Effects of IFRS 9, 15 and 16 on business combinations occurring prior to effective dates of these new standards

In addition to the usual transition assessments preparers need to make with regard to the  ‘triple threat’ new standards, thought is also required to determine the impact of these new standards, if any, on past business combinations accounted for under IFRS 3 Business Combinations, where ‘acquisition date’ for the combination was prior to the effective date of these standards (i.e. periods beginning on or after 1 January 2018 for the new revenue and financial instruments standards, and 1 January 2019 for the new leases standard).

While fair value is the default measurement basis for assets and liabilities acquired in a business combination in the scope of IFRS 3, certain exemptions exist which modify this requirement in certain cases. IFRS 3 was therefore amended in certain respects to address specific areas affected by the three new standards.

Impact of IFRS 9 Financial Instruments

The transitional provisions of IFRS 9 are comprehensive and address most issues that may arise relating to business combinations occurring prior to the effective date of IFRS 9. Please refer to BDO’s IFRS in Practice – IFRS 9 publication for further discussion of the transition provisions of IFRS 9.

Impact of IFRS 15 Revenue from Contracts with Customers

If an entity acquired a business prior to the effective date of IFRS 15, it would apply IFRS 3 to the transaction and recognise most assets and liabilities acquired at their fair values. In doing so, differences will arise between the carrying value of assets and liabilities and their fair values on acquisition. For example, the fair value of deferred revenue originally determined under IAS 18 Revenue (the predecessor standard to IFRS 15) would have been remeasured at fair value under IFRS 3.

If any contracts continued past the effective date of IFRS 15 (or the comparative period when the full retrospective approach is used), then the transitional provisions of IFRS 15 will be applied to such balances.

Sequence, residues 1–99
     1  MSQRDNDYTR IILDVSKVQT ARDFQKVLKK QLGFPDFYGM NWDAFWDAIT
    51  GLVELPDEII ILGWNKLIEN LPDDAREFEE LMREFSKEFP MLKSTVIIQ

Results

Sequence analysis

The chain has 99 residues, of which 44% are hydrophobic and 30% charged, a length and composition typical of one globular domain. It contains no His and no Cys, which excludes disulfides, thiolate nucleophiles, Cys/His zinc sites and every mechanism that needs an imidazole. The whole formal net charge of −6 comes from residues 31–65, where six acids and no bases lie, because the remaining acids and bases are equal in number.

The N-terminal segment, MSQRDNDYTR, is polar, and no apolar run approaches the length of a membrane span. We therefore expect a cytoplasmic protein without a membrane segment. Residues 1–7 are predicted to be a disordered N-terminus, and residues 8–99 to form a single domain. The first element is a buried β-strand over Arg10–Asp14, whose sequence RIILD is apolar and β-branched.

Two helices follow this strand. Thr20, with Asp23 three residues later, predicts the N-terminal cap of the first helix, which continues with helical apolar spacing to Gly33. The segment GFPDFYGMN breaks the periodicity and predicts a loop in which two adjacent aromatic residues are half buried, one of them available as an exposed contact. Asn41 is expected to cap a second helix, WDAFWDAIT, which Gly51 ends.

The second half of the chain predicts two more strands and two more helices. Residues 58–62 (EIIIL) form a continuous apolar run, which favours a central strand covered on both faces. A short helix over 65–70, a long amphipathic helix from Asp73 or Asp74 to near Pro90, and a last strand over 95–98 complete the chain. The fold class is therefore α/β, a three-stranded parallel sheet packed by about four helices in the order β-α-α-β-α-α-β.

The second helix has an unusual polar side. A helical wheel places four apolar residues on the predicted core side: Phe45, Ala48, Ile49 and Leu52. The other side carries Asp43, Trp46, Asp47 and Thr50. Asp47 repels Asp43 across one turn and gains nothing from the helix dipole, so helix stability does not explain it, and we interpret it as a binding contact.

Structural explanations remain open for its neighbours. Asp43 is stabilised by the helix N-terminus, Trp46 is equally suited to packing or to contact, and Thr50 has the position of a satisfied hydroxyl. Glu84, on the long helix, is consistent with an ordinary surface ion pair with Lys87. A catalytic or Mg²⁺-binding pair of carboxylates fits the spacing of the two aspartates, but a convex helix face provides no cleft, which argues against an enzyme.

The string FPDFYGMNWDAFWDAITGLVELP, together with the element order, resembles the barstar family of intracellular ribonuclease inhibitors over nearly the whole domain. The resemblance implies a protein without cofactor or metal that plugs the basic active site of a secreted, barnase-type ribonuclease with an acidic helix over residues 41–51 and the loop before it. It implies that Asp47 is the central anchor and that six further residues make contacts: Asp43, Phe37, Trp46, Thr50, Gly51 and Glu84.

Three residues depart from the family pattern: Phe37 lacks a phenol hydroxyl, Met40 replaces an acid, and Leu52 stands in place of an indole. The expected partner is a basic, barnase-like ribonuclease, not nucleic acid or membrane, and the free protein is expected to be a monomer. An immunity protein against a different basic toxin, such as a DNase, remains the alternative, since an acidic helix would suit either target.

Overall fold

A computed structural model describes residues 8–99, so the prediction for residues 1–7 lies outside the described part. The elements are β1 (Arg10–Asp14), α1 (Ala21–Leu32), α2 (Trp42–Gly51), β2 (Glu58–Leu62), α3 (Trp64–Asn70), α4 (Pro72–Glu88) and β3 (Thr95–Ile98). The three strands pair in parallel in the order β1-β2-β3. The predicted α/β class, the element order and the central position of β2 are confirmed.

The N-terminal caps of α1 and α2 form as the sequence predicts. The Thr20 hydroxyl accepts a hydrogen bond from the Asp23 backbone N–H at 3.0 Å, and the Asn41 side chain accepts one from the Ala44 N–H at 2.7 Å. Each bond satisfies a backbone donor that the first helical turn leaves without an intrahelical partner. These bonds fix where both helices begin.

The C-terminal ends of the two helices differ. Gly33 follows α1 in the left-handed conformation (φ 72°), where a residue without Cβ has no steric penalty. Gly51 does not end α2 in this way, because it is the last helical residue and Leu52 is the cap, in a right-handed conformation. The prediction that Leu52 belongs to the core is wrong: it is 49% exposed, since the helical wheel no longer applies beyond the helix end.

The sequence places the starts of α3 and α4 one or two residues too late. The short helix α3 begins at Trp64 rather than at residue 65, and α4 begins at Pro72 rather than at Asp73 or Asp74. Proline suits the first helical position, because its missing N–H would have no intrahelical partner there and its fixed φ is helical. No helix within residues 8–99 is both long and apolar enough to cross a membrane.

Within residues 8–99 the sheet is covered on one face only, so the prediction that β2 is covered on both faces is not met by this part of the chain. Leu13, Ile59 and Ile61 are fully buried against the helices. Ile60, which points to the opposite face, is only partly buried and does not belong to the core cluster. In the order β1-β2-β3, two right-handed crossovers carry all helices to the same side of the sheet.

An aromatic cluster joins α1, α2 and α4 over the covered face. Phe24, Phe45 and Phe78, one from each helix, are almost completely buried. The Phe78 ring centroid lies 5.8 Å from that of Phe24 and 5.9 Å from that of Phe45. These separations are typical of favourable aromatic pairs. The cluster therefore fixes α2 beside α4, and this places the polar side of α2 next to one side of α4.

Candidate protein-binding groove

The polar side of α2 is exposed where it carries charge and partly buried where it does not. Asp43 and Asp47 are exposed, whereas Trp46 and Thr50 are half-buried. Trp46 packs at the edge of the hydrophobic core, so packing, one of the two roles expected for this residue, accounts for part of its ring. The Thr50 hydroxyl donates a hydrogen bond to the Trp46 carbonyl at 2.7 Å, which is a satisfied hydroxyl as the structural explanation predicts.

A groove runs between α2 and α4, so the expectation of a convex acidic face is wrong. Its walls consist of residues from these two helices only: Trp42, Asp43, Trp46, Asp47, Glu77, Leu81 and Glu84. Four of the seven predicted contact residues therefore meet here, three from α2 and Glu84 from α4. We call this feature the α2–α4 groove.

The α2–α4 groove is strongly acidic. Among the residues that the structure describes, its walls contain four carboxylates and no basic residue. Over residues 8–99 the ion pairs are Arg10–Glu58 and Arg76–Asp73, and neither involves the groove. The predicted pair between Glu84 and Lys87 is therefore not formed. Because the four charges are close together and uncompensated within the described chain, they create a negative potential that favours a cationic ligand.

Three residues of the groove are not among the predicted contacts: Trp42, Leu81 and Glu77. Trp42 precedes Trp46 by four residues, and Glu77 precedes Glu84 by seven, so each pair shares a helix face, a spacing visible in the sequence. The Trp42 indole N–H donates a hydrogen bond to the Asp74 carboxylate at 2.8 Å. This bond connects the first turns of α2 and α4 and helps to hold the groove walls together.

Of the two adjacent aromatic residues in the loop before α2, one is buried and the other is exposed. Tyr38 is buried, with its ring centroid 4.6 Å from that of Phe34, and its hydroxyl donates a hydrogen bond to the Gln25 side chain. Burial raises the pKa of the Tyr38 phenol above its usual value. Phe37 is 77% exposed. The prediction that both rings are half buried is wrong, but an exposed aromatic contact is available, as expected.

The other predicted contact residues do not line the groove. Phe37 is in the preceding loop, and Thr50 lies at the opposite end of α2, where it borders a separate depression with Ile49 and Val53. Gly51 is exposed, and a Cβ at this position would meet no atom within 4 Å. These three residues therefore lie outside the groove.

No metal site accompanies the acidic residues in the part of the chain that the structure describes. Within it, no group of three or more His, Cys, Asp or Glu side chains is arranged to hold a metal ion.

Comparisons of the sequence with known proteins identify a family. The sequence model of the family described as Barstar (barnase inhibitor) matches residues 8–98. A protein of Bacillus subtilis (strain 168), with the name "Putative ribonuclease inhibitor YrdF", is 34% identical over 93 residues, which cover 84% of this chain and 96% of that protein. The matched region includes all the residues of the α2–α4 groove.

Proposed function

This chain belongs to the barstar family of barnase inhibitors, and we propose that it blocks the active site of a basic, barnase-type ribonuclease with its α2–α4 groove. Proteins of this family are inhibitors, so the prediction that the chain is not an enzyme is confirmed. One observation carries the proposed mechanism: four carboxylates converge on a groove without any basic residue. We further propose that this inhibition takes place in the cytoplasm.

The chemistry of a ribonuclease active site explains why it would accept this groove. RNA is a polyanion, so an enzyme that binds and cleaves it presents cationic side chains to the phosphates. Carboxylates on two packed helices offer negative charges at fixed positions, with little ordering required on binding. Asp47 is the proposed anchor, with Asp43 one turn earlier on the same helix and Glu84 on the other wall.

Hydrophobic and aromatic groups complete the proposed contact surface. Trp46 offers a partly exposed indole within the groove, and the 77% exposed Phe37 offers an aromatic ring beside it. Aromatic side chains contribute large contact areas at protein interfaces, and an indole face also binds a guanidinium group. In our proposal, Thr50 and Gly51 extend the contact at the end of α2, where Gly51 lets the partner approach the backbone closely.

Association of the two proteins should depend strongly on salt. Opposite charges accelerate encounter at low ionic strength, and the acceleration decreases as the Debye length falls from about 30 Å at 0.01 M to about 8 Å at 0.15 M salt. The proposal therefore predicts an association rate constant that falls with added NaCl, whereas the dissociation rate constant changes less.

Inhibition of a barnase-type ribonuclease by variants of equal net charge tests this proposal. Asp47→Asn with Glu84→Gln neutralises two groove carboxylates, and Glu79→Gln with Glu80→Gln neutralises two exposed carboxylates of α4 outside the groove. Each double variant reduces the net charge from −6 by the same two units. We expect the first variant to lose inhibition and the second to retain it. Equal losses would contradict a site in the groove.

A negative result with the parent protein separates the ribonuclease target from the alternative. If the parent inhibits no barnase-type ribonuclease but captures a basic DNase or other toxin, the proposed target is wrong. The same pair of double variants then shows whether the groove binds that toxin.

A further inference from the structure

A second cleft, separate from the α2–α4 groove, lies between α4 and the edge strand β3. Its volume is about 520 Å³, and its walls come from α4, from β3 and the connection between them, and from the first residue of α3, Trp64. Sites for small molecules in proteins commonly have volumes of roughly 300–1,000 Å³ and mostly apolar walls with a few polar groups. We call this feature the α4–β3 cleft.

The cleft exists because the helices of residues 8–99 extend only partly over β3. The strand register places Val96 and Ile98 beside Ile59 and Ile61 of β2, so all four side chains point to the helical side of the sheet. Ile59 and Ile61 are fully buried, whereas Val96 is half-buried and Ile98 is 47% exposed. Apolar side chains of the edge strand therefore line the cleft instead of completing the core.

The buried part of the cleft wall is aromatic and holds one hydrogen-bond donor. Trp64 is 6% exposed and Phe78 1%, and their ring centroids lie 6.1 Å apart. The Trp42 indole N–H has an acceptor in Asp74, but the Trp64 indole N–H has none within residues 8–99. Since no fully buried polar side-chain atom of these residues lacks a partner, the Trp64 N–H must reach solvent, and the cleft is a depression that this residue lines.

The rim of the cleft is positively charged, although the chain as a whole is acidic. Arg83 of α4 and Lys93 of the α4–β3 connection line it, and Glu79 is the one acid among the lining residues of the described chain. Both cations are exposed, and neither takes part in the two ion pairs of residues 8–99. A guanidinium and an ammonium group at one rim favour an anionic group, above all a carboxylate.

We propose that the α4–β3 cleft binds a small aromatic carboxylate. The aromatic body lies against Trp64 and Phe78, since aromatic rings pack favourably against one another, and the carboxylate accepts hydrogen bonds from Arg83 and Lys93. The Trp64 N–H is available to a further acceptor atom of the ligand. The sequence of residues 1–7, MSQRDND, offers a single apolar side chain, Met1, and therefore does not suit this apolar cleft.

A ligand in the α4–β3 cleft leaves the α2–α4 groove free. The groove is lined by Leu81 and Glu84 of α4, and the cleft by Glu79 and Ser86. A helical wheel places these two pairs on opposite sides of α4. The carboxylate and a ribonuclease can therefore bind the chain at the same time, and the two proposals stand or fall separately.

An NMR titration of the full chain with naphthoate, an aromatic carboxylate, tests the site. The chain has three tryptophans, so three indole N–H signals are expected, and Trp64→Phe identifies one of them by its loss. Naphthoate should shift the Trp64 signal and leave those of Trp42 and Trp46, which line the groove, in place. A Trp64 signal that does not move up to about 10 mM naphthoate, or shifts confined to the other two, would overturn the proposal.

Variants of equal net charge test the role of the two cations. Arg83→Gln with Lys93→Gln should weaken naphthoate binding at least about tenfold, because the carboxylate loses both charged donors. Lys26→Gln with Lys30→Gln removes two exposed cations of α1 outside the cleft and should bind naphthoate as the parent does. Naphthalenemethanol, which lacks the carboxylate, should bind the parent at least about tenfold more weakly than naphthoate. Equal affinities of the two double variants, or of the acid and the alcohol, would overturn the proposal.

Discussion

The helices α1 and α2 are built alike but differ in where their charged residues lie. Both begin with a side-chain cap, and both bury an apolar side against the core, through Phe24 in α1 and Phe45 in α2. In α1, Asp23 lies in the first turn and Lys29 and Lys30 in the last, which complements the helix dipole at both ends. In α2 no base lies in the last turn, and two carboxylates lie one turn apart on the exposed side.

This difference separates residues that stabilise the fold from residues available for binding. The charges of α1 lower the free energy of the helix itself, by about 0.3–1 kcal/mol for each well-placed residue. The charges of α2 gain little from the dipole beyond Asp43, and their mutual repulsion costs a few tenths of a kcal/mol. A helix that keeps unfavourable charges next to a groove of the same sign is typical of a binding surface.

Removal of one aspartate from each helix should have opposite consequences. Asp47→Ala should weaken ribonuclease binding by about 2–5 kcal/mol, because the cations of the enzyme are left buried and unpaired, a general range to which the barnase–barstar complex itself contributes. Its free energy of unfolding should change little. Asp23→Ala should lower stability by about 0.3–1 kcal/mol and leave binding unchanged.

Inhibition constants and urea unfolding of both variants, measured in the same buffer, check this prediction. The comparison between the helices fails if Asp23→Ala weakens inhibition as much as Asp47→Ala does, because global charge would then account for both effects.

This process of multiple remeasurements to a contract can be illustrated as follows, with the acquirer’s steps in accounting for the contracts represented in blue, and the acquiree’s represented in red:

Assuming that both the acquirer and acquiree prepare IFRS compliant financial statements, then the entities may have to account for the contracts under three different bases over the contracts’ lives:

  1. Under IAS 18 in the records of the acquiree;
  2. Remeasured to fair value under IFRS 3 and then subsequently accounted for under IAS 18 in the records of the acquirer; and
  3. Under IFRS 15 in the records of both the acquiree and acquirer once IFRS 15 becomes effective.

The underlying calculations required to perform this restatement will differ from other contracts not previously acquired in a past business combination, therefore, such contracts will have to be segregated into discrete populations apart from other contracts. It may also be challenging to reconcile the consolidated financial statements.

Impact of IFRS 16 Leases - Off-market lease contracts acquired prior to effective date of IFRS 16

Old treatment

Under IFRS 3, favourable operating lease contracts were recognised as distinct intangible assets (or liabilities for unfavourable leases) in a business combination because the underlying lease contract was not recognised ‘on balance sheet’ prior to IFRS 16.

Type of lease Examples
Favourable lease (intangible asset)
  • Operating lease held in desirable location
  • Long-term lease contract with fixed payments at below-market rentals at acquisition date
Unfavourable leases (liability)
  • Operating lease held in undesirable location
  • Long-term lease contract with fixed payments at above-market rentals at acquisition date

New treatment under IFRS 16

The transitional provisions of IFRS 16 (paragraph C19) require any asset or liability relating to favourable or unfavourable lease terms for an operating lease acquired in a business combination to be derecognised and adjusted to the carrying value of the associated right-of-use asset.

Derecognise the intangible asset or liability for favourable/unfavourable lease terms and adjust against the carrying amount of the right-of-use asset recognised on transition to IFRS 16.

This is consistent with the ongoing requirement in IFRS 3, paragraph 28B, to adjust the right-of-use asset at acquisition date for the effect of favourable or unfavourable terms of leases when compared with market terms. 

Next month

Please look out in next month’s Accounting News for the effects of IFRS 9, 15 and 16 on business combinations occurring after the effective dates of these new standards.